Honeycrisp

Honeycrisp AppleHoneycrisp apples were developed by the University of Minnesota’s apple breeding program in the 1960s and released in 1991. They have rapidly become one of the most popular apple varieties due to their exceptionally crisp, juicy texture and well-balanced sweet-tart flavor. Many consider Honeycrisp the best apple for fresh eating.

The apples are characterized by a distinctive mottled red over yellow background color. They tend to be large in size, with some growing as big as a baby’s head. Honeycrisp apples have a honey-sweet flavor when picked early, but develop an even richer, more aromatic profile when allowed to fully ripen later in the season.

One unique trait of Honeycrisp is that their flavor can actually improve for 7-10 days after being removed from cold storage. This means Honeycrisps purchased from the store are often at their peak flavor and texture. However, Honeycrisps do tend to bruise more easily than other varieties and are often sold in protective packaging rather than loose.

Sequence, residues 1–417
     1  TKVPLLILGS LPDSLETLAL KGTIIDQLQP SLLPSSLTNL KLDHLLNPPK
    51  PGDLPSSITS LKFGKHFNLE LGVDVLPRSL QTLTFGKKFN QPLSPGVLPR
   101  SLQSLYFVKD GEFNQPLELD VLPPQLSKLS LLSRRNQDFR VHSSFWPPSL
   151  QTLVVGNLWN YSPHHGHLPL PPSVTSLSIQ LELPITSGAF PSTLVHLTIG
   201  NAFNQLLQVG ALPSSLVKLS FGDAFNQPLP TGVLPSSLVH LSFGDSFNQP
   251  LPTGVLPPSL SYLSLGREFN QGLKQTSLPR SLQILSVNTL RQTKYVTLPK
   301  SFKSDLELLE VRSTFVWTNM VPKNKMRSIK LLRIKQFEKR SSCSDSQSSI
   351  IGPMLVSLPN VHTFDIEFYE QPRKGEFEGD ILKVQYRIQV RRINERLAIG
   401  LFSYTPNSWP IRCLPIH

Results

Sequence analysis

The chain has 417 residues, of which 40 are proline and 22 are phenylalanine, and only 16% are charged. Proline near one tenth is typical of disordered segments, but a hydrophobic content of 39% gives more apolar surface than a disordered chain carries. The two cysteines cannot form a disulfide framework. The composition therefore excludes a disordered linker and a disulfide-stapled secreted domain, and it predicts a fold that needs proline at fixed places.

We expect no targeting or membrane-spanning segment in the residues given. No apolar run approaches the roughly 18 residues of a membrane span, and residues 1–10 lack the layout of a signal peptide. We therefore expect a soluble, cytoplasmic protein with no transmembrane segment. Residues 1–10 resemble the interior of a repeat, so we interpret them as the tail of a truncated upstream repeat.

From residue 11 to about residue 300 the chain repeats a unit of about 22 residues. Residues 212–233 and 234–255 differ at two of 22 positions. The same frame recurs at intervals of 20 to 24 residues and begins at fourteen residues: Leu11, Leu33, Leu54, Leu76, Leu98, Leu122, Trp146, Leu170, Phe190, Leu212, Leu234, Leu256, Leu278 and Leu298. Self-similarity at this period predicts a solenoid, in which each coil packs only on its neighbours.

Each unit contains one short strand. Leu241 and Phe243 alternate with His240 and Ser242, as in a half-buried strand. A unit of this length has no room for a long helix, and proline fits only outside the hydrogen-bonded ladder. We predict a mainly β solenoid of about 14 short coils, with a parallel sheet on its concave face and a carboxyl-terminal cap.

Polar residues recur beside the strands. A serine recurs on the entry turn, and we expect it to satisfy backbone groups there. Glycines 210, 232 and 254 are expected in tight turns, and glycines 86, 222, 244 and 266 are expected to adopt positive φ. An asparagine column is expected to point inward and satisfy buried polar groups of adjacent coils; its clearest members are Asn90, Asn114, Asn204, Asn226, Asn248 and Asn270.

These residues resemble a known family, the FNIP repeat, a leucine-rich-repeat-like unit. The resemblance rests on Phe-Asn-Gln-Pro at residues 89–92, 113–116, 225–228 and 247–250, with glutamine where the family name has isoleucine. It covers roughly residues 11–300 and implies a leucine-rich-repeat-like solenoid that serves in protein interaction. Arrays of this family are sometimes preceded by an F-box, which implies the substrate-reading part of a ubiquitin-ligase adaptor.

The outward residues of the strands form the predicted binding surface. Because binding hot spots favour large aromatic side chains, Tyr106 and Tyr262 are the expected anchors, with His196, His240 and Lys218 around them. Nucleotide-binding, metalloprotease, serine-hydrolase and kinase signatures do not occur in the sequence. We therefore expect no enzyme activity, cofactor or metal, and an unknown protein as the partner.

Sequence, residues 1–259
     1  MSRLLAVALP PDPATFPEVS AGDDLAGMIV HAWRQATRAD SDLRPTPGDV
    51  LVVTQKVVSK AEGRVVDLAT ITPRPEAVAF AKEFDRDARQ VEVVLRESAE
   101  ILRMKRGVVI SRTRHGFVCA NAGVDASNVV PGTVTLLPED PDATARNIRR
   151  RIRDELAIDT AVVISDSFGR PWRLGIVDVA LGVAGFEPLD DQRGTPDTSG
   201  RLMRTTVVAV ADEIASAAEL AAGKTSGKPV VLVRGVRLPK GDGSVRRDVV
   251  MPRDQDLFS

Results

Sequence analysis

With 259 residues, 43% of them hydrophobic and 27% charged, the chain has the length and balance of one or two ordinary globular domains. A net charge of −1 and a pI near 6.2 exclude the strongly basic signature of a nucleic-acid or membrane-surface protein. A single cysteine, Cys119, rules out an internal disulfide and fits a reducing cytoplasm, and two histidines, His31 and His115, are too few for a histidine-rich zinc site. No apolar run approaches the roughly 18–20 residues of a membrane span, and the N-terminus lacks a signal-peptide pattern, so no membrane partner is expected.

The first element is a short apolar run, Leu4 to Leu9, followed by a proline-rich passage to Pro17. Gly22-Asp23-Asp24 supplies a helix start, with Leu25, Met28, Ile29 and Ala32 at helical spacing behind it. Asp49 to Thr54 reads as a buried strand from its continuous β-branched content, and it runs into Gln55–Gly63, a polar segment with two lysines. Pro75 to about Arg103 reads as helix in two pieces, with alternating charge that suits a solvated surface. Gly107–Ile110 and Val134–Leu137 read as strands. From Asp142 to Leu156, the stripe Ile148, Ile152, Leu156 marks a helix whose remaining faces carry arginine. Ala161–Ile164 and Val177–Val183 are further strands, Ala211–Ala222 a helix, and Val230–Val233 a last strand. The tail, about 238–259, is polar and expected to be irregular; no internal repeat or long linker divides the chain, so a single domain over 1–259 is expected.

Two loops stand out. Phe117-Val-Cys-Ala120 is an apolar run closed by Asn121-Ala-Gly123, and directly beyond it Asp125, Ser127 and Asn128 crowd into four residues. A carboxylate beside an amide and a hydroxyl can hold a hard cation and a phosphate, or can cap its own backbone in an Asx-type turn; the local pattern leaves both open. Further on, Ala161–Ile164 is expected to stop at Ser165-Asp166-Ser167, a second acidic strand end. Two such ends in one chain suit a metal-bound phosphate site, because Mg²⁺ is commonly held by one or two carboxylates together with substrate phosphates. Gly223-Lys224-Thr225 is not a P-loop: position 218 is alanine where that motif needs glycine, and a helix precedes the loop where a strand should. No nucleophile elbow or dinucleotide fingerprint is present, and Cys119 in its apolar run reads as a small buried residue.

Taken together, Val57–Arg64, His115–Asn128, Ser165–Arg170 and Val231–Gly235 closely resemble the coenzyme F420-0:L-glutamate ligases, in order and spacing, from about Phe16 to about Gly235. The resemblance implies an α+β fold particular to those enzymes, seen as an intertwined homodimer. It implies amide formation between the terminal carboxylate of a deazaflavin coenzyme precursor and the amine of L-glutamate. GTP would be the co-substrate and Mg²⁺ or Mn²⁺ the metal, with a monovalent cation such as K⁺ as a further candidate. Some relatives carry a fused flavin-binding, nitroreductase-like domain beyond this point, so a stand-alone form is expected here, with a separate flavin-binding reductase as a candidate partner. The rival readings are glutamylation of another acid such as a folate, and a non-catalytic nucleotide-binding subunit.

In terms of growing Honeycrisp trees, they are very cold hardy, suitable for USDA zones 3-6. In fact, Honeycrisp is one of the most winter-hardy apple varieties, showing little damage even in temperatures as low as -40°F. However, Honeycrisp does require a significant amount of winter chill, needing 800-1000 chill hours to break dormancy and produce flowers and fruit.

Honeycrisp trees bloom mid to late season and are not self-fertile, so another apple variety that blooms at the same time is needed nearby for cross-pollination. The trees have some resistance to common apple diseases like scab and fireblight.

On dwarf rootstock, Honeycrisp trees will grow to about 8-10 feet tall and begin bearing fruit within 2-4 years. Standard size trees can reach 25 feet tall. Across most regions, Honeycrisp apples are harvested in August and September. In Washington state, the harvest begins in late August and lasts for about a month.

Commercial Honeycrisp growers will actually pick the apples multiple times from the same trees, as apples exposed to more sunlight will color and ripen sooner. Determining the optimal picking time involves monitoring background color, testing firmness and brix (sugar levels), and the number of days since full bloom.

To maintain Honeycrisp’s prized crunch, the apples must be handled delicately during harvest. Stems are clipped short to avoid puncturing other apples, and the apples are often placed by hand into storage bins rather than dumped out of picking bags. This gentle handling minimizes bruising.